After the show, the dancers gave the snake a few affectionate pats and back into the pillowcase it went.  I tied it in a knot, put it under my coat, and carried it back to the car.  I felt as though I was going to cry, but this time it was tears of relief.  I don’t know how I get myself into these situations, but, again, I’d come through it unscathed, with a little more respect for the reptile in the pillowcase next to me!

An Active Life with Limited Vision

Francis, who is severely visually impaired enough to be considered legally blind, was skilled enough that he was able to attend a mainstream kindergarten.  He needed some modifications, including large print materials.  He adjusted well to the class, but one week came home and told me that they had a guest speaker come to their classroom.  An exterminator came to the classroom to tell them about termites and such.  He was clearly shaken by the presentation, and for the next several nights he had nightmares, couldn’t sleep, and kept the light on in his room.

He was petrified of termites!  Trying to calm him down, I said “Why are you afraid of teeny tiny termites?”  “TINY???” he cried, ‘They’re HUGE!”  Only people who have driven through Providence, Rhode Island and have seen the 30 foot long, 10 foot tall “Big Blue Bug” as an advertisement for an exterminator which sits proudly right next to Route 95 would understand why he thought termites were huge.  After all, he was too visually impaired to see a real termite, and thought that all termites were that big! No wonder he was so frightened!  We’ve had a good laugh over that story for years!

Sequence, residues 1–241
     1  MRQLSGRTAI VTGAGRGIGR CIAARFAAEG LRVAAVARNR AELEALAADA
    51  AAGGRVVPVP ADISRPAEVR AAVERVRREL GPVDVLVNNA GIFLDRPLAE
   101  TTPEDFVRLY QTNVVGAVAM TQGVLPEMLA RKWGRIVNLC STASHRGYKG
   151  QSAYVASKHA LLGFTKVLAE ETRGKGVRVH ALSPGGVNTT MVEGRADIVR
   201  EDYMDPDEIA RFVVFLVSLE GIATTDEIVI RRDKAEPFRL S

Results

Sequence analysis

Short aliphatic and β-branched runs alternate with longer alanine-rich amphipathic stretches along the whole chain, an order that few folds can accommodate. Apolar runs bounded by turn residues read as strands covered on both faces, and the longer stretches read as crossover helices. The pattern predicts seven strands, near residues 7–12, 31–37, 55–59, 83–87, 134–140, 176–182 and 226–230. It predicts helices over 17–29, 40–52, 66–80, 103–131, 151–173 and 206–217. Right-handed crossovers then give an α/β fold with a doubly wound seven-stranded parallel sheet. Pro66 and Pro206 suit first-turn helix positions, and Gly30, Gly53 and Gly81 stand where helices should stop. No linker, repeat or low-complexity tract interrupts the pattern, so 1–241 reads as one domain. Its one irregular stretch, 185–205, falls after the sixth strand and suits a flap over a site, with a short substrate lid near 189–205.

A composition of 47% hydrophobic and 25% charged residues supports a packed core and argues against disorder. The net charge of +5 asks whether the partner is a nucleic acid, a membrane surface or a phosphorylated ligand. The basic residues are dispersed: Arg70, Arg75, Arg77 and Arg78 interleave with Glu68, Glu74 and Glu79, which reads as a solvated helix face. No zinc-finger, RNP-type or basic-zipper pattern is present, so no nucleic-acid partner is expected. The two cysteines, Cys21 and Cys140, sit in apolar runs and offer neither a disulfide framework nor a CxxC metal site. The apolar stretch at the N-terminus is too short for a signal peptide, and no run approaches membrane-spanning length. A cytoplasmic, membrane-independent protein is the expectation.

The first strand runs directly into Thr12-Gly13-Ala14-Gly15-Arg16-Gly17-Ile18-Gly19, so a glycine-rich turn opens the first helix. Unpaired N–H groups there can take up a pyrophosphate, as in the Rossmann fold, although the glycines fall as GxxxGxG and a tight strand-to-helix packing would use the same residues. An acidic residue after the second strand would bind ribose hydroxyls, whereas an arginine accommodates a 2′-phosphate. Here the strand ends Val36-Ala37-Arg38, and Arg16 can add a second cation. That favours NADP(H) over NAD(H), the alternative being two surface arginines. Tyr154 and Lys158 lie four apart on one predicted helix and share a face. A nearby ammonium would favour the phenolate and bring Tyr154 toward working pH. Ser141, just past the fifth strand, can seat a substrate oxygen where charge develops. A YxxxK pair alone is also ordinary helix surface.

Another interesting story was how he chose his friends.  With limited vision, he could only make out vague details of the other children.   Yet, he had one good friend named Eddie.  He and Eddie always hung out together.  One day I brought him to school late, and as I looked over the sea of Caucasian, blonde haired little five year olds, I heard Francis say “There’s Eddie” as he happily jumped through the crowd to sit next to the only African American boy in the class.  Real easy to spot!

As Francis got older, he wanted to participate in sports.  He took up wrestling through the Police Athletic League where his vision would not impair his performance.  I, however, had never been to a wrestling match before.  At his first match, he was wrestling with another boy his size and he reached over while the other boy supposedly made an “illegal move”.  Francis’ arm cracked the boy in the nose, and soon there was blood everywhere.  I’m screaming.  The kid with an obviously broken nose is screaming.  And Francis was screaming because he had won the match!  That was his one and only wrestling match. Okay, so blame me for being an overprotective mom, but the sight of blood tends to sour me on a sport.

After that, Francis took up swimming, a sport he excelled at, and one in which he could not get hurt or hurt anyone else.  He remained in this sport for many years, and won several honors for his fast swimming.  It gave him a chance to be a member of team and compete with other people where vision was not an issue.